Can "fruit of the poisoned tree" become non-poisonous? (legal question)

If the police were, say, anonymously mailed a recording containing evidence of a crime and it is not discovered how the recording was obtained, is it admissible?


IANAL, but it is my understanding that rules regarding search and seizure and evidence collecting only apply to police officers. Evidence gathered by a private citizen of their own free will can be admissible as long as there was no prior request or instruction or collaboration with the police which led to the private citizen collecting that evidence.

Are you asking whether the police who had obtained evidence illegally could then mail that evidence to themselves (or another police department) and then pretend they didn’t know where it came from?

Probably not, as it would seem nearly impossible to authenticate such a recording. Who made it? Where? When? Who else was present? What happened before and after the recording? Has the recording been altered in any way? Where has the recording been since it was made? Who had access to it? Is the recording complete, or only a portion of a larger whole?

Since the op invoked the “fruit of the poisoned tree” doctrine, say the recording contained information about where to look for the murder weapon. Even if the recording itself would not be admissible would the fruit, i.e. the murder weapon, found as a result of listening to the recording be admissible?

If the tape says that the weapon is in a publicly accessible place, the police can go and get it, and the only admissibility questions would be whether it can be positively identified as the murder weapon. The tape would not figure in to that analysis. But if the tape says that the weapon is in a particular person’s home, then the police would need a warrant to go get it, for which they would have to have probable cause. Whether the tape alone amounts to probable cause is going to depend on the particular facts of the case, and whether there is some reason to think the tape is reliable, as opposed to a prank or a delusion.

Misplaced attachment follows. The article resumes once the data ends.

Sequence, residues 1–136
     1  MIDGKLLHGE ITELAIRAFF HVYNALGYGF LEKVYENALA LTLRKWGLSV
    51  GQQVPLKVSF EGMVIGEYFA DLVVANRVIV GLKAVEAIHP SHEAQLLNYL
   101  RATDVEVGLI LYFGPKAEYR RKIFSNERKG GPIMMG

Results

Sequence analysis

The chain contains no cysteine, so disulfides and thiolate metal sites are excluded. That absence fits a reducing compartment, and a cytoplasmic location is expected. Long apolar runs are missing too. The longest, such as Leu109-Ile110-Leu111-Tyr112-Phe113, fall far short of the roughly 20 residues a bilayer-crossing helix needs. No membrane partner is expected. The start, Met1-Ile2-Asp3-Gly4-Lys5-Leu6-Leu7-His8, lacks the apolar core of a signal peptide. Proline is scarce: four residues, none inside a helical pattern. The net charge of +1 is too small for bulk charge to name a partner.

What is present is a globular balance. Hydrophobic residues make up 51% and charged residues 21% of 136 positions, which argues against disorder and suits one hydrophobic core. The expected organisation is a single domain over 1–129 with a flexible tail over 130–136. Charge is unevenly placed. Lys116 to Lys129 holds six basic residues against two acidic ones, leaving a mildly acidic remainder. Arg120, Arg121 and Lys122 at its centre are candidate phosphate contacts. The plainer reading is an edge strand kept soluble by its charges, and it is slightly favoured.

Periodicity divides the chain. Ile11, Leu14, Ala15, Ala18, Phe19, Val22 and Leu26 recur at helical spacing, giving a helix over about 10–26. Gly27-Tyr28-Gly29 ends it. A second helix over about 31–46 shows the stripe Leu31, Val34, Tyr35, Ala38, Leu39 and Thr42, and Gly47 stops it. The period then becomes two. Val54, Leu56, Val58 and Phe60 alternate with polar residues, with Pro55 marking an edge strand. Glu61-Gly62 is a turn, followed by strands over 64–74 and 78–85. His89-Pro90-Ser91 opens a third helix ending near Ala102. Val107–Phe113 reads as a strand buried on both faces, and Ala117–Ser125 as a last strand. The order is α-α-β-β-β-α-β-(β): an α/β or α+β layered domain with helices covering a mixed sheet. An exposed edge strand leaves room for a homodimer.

Also, if the person on the tape tells a story of how the weapon got to that spot, that story is hearsay (even if the weapon is indeed found there) and cannot be admitted into evidence itself, except in various exceptional circumstances.

The scenario described isn’t a “fruit of the poisonous tree” situation. The tape would likely be inadmissible in court because it can’t be corroborated by anyone. The police can still use information on the tape in their investigation.

“Fruit of the poisonous tree” is when evidence is suppressed, usually due to error or misconduct by police. Any evidence found as a result of this misconduct is also suppressed. Sometimes the evidence can be reintroduced, under eventual discovery.

For example:

Police interrogate a suspect without reading him his rights. During his confession the suspect tells police the murder weapon is in his home. The court would suppress the confession, because the suspect wasn’t read his rights. They would also suppress the murder weapon as “fruit of the poisonous tree”.

The police then gather enough evidence independent of the confession, to get a search warrant of the suspects home. The court could then reintroduce the murder weapon as evidence, as it would have eventually been discovered, absent police misconduct.